Sunday, December 15, 2013

TEDTalks: Response to Ken Robinson's "How Schools Kill Creativity"

In an entertaining and profound TEDTalk, Sir Ken Robinson discusses how our schools are killing creativity within children.

Why this TEDTALK is awesome?

1) He's a knight! I think. . .  I mean, why else would he have a "Sir" in front of his name?

He is! He was knighted in 2003 for his services in the field of education, according to his TEDTalk profile. Nice!

2) And he's British! The amount of charm that oozes into my ears each time a Brit opens his or her mouth makes me want to swoon each. and. every. time. Add to that a sense of humor and an important discussion on educating students and I'm paying attention.
          - He makes a joke about Shakespeare being in an English class as a child. The video is worth
            watching for that alone!

3) Lastly, Sir Robbie (may I call you Sir Robbie) makes some really interesting statements that I think all educators should hear, ponder on, and decide what their next steps should be.

Sir Ken Robinson essentially argues that children are educated out of their creativity. What this means is that throughout their educational careers, they are made very much aware of what skills and fields of knowledge are most valuable. Sir Robinson also says that perhaps the purpose of education seems to be to produce university professors and when one thinks of what the most important subjects in all schools are--English, Math, Science, and History--he seems to have a point. Additionally, the subjects that are seen most useful are those that will allow students to find "work" in the future. It's the reason that universities are teeming with business majors, while visual art programs are being cut or down-sized. This happens after years of talented, intelligent, and creative people believing that they are not so because everything they were ever good at was never valued or was even stigmatized.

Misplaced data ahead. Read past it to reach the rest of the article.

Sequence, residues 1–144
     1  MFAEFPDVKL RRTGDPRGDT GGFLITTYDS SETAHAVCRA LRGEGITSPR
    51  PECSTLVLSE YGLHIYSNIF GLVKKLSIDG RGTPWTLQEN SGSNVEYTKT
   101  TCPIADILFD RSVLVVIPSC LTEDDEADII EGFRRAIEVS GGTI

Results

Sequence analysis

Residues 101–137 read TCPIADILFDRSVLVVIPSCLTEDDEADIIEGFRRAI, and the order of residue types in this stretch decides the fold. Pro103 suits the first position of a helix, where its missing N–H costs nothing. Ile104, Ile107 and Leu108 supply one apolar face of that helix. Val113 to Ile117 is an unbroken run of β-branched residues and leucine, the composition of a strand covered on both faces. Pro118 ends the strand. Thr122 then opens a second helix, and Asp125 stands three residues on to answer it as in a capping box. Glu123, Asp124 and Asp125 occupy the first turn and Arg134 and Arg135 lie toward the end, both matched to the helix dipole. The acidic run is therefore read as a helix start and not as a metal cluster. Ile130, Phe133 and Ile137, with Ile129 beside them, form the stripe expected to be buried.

The statements that stood out most starkly to me as a future educator is the fact that we have molded students into being positively terrified of being wrong. Mistakes have become the worst thing that a person can make. Young children are not initially afraid of making mistakes; "If they don't know, they'll have a go." They're not frightened of being wrong. However, an education system that penalizes harshly for mistakes has succeeded in educating people out of their creative capacities.

If we believe, as Sir Ken Robinson does, that "creativity is as important as literacy and should be treated with the same status," what can we do to change the way things are? Do we start grading for effort? Do we incorporate more creative tasks into our units? I believe that the root of the answer lays within creating a different classroom and school culture. From the very first day of school, students should be re-acclimated to a new way of learning. One that is exploratory in nature and based on inquiry. In this way, students can begin to re-discover their creative natures and we can lessen the stigma of making mistakes. By creating comfortable, caring classrooms where students can be at ease to make mistakes, we can guide them down the path to creative discovery.

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